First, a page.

An Interview with Roger B. Thomas, author of The Accidental Marriage | IPNovels.com
Roger Thomas is a lifelong Michigan resident, has been married to his wife Ellen since 1981. They have six grown children and eight grandchildren. He is a self-employed computer consultant. He loves reading, and his favorite authors include C.S. Lewis, J.R.R. Tolkien, Rudyard Kipling, and P.G. Wodehouse. He has had two collections of short stories published by Ignatius Press, including The Last Ugly Person which was recently featured in a list of 5 More Short Stories That Every Catholic Should Read. Ignatius Press Novels interviewed Roger via email regarding his new novel The Accidental Marriage.
Where did the idea for this book come from?
Thomas: Oddly, it was a chance line in an online article. It was written by a woman who considers herself a lesbian, and discussed the costs and challenges of getting pregnant. She made an offhand comment that one last resort option is always to just call up a guy friend for an informal “contribution” to facilitate the pregnancy. I pondered that comment, and that it reflected a very shallow understanding of the intricacy and intimacy of what happens when two people join to bring a child into being. I began imagining what kind of complexities might follow such an interaction, and before long the characters of Scott and Megan were coming to life.
Recently, Archbishop Cordileone of San Francisco made this appeal to people critical of the Church’s position on same-sex marriage: “Please do not make judgments based on stereotypes, media images and comments taken out of context. Rather, get to know us first as fellow human beings… It is the personal encounter that changes the vision of the other and softens the heart.” During the course of the book, Scott and Megan find that their stereotypes and expectations about others are challenged, both in positive and negative ways. Do you hope your book can help draw out that “encounter” between people with divergent opinions?
Thomas: I certainly hope so. Archbishop Cordileone’s statements cut two ways, as he and other church leaders have made clear. We, especially as Catholics, must not judge on stereotypes and media images, but get to know one another personally.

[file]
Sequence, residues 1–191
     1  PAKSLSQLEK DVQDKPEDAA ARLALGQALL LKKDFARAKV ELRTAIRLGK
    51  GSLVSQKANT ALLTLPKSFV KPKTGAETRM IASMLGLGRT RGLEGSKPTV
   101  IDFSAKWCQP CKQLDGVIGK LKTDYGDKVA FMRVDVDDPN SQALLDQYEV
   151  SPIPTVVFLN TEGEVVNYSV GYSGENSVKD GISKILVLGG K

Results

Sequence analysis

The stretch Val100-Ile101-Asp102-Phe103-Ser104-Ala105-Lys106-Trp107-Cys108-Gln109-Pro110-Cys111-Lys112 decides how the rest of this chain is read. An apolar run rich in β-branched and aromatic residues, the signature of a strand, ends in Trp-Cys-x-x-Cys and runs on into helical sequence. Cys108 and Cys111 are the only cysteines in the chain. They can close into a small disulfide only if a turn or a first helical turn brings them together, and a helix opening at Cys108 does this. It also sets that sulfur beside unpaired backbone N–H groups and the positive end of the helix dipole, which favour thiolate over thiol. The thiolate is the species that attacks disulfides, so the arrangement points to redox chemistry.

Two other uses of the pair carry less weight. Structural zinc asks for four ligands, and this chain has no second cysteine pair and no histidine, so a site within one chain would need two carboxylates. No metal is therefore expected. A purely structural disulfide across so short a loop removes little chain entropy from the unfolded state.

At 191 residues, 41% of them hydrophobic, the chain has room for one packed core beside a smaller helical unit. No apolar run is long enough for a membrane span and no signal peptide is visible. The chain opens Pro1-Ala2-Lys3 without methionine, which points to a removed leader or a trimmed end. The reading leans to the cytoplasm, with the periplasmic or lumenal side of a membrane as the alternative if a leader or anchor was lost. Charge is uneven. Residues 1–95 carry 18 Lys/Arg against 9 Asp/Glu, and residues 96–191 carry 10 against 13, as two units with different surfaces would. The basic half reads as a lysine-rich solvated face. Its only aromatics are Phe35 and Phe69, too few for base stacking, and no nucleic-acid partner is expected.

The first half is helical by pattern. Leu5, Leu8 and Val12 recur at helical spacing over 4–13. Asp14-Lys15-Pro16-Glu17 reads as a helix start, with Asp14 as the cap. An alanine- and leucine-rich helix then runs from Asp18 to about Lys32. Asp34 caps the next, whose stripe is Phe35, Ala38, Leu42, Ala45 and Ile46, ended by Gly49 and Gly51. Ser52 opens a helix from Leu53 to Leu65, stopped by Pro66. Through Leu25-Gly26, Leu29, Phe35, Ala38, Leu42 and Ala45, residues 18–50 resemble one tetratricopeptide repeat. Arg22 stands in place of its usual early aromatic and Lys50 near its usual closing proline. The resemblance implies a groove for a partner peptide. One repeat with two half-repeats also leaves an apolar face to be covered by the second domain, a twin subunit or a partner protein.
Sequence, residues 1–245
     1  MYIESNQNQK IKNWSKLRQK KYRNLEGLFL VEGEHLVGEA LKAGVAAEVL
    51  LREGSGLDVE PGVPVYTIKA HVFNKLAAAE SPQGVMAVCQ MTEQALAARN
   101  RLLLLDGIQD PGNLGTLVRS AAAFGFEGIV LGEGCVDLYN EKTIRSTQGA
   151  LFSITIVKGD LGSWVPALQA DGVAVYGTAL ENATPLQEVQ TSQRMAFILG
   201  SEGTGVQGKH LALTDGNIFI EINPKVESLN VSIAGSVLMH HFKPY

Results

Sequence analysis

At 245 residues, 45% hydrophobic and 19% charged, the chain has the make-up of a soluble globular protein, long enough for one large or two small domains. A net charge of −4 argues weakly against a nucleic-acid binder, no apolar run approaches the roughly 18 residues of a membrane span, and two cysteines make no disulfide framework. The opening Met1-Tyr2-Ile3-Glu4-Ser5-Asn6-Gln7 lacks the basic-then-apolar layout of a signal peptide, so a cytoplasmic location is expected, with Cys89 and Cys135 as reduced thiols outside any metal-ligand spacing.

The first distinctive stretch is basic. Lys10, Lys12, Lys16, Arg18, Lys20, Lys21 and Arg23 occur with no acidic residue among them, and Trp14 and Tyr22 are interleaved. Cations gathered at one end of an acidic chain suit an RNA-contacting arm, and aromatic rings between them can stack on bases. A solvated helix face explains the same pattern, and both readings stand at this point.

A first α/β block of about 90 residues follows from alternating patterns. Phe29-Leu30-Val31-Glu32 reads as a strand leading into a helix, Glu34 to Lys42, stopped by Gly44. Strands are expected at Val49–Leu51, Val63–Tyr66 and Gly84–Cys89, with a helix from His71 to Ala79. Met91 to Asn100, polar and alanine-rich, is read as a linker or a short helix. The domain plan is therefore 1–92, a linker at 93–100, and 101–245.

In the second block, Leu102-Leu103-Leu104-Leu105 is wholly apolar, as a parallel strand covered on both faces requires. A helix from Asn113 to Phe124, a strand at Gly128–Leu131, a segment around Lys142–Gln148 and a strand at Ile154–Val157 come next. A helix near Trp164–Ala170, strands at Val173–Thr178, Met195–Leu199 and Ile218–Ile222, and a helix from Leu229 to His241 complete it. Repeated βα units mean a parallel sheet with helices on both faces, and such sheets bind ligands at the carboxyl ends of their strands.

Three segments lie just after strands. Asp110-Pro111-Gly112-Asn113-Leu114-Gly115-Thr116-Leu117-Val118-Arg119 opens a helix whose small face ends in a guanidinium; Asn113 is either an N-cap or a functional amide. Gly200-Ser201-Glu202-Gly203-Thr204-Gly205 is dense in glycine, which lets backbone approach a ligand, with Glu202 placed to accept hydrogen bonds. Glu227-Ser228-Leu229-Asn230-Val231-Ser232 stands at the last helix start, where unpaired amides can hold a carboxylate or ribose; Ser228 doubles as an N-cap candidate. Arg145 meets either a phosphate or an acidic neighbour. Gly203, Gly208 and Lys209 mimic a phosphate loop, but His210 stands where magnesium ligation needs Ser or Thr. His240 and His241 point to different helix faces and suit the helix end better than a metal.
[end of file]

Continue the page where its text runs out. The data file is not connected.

A drawback of our current cultural dialog, fraught as it is with friction and antagonism, is that was start defining ourselves by our differences. I’m male, she’s female; I’m white, he’s black; I’m a veteran, she’s never served, and so on. This has an isolating effect which you can see expressed in statements like, “You couldn’t possibly understand, because you’re not X”, whatever X might be. Pressed to the extreme, this increasingly isolates us from one another, because nobody is ever going to completely share another’s personal conditions and life experience.
As St. John Paul the Great frequently reminded us, one of the roles of the arts is to reach across those walls and reconnect us with each other in our common humanity. When we read a story or hear a song or see a film and find ourselves saying, “Yes! That’s exactly how it is!”, then we’re connecting with one another. And even as Scott and Megan find their categories getting broadened by their life experiences, I hope the readers of The Accidental Marriage come to see the main protagonists for what they are: simply humans, fellow humans searching for love. Easy as it would be to pigeonhole them as a couple of Bay Area gays living out their mistaken world views, I hope the story brings out their essential humanity in a way that resonates with every reader.
It often seems that the business world of tech startups—the way that there is constant agitation for change and growth without much regard for how that change and growth affects the real people involved—is reflective of a view of relationships that values novelty and change over permanence and depth. Was the setting of the book intentional in this regard?
Thomas: Actually, that was unintentional, but it’s interesting to look back on the story and see that correspondence. There is a disturbing similarity between the interchangeable-persons outlook of the modern corporate world and the similar view of “relationships” – of any type – that is common in our culture. Both reflect a short-term, immediate-return outlook. If this employee (or investment, or partner) isn’t “performing”, then it’s time to change it out.
Love is normally portrayed in romantic fiction as a form of self-fulfillment. Do you think our culture’s emphasis on “romance” helps or hinders love?